Uh-oh, it looks like your Internet Explorer is out of date.

For a better shopping experience, please upgrade now.

Fuzzy Mud

Fuzzy Mud

4.8 8
by Louis Sachar

See All Formats & Editions

From the author of the acclaimed bestseller
Holes, winner of the Newbery Award and the National Book Award, comes Fuzzy Mud, a New York Times bestseller. 

"Sachar blends elements of mystery, suspense, and school-day life into a taut environmental cautionary tale."--Publishers Weekly


From the author of the acclaimed bestseller
Holes, winner of the Newbery Award and the National Book Award, comes Fuzzy Mud, a New York Times bestseller. 

"Sachar blends elements of mystery, suspense, and school-day life into a taut environmental cautionary tale."--Publishers Weekly
Be careful. Your next step may be your last.

Fifth grader Tamaya Dhilwaddi and seventh grader Marshall Walsh have been walking to and from Woodridge Academy together since elementary school. But their routine is disrupted when bully Chad Hilligas challenges Marshall to a fight. To avoid the conflict, Marshall takes a shortcut home through the off-limits woods. Tamaya, unaware of the reason for the detour, reluctantly follows. They soon get lost. And then they find trouble. Bigger trouble than anyone could ever have imagined.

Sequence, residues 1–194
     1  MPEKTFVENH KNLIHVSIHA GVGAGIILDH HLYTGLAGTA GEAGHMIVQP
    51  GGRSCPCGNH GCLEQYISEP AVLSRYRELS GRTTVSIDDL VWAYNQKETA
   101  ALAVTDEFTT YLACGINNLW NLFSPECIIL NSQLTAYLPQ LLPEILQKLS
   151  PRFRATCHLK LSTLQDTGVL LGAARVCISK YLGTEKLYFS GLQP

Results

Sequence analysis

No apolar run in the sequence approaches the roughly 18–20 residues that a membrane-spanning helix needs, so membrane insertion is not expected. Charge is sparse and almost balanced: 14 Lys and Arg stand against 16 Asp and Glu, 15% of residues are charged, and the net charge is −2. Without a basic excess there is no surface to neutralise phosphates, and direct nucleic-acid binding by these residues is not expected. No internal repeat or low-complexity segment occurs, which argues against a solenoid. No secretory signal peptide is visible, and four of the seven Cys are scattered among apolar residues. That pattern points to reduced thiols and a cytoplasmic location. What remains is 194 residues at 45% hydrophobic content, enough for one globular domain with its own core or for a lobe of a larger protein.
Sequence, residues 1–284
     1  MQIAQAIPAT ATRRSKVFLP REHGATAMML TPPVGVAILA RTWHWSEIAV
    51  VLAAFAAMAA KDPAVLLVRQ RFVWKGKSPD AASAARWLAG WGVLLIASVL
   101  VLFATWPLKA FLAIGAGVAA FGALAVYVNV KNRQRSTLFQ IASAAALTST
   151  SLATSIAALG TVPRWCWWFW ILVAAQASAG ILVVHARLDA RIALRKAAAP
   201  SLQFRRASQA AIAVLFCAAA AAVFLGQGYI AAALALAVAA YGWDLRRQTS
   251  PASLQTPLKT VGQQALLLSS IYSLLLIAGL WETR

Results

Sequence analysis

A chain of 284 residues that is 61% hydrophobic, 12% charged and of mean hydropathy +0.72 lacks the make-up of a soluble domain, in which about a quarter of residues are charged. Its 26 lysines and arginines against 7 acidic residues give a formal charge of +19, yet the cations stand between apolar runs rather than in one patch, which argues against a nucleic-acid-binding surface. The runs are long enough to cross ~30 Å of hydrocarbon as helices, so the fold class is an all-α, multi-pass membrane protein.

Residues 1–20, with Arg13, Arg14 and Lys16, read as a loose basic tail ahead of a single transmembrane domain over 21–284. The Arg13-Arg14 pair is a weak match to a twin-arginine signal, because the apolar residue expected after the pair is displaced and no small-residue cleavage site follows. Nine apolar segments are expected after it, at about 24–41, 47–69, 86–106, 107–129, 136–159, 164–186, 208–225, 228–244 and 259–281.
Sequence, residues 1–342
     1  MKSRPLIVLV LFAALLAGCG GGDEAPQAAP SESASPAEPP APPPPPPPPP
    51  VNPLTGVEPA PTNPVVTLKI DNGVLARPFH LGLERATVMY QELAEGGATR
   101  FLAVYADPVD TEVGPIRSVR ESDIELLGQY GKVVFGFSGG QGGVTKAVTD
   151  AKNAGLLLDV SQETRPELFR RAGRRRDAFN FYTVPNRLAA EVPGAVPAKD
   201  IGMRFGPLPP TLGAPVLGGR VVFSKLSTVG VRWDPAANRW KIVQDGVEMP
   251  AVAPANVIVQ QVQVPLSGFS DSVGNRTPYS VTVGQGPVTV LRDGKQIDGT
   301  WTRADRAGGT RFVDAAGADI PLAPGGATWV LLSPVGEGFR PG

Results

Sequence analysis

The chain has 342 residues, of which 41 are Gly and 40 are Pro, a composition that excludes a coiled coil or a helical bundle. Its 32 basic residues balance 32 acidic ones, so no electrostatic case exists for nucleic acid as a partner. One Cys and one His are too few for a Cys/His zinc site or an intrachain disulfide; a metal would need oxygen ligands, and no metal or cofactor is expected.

In the days and weeks that follow, the authorities and the U.S. Senate become involved, and what they uncover might affect the future of the world.

Editorial Reviews

The New York Times Book Review - Eliot Schrefer
…there's charm and intelligence in spades here…Sachar is masterly at capturing the interplay between children and adults, down to the subtleties of how children can get flustered and convey the wrong answer even when they're trying to be truthful. These are characters pushed past their edge, and yet they always remain kids.
Publishers Weekly